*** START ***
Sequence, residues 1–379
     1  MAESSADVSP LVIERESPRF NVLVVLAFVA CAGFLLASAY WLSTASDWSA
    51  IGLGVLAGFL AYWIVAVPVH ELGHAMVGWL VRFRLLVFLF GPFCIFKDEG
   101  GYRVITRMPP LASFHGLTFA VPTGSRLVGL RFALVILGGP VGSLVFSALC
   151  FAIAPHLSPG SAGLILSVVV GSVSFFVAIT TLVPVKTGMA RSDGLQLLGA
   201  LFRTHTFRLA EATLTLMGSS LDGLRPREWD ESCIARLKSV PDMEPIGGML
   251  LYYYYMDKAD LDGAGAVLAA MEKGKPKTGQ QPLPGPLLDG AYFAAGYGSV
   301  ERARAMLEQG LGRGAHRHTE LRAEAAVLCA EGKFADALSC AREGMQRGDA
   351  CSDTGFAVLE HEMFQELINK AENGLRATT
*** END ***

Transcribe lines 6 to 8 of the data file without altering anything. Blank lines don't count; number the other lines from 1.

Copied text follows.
   201  LFRTHTFRLA EATLTLMGSS LDGLRPREWD ESCIARLKSV PDMEPIGGML
   251  LYYYYMDKAD LDGAGAVLAA MEKGKPKTGQ QPLPGPLLDG AYFAAGYGSV
   301  ERARAMLEQG LGRGAHRHTE LRAEAAVLCA EGKFADALSC AREGMQRGDA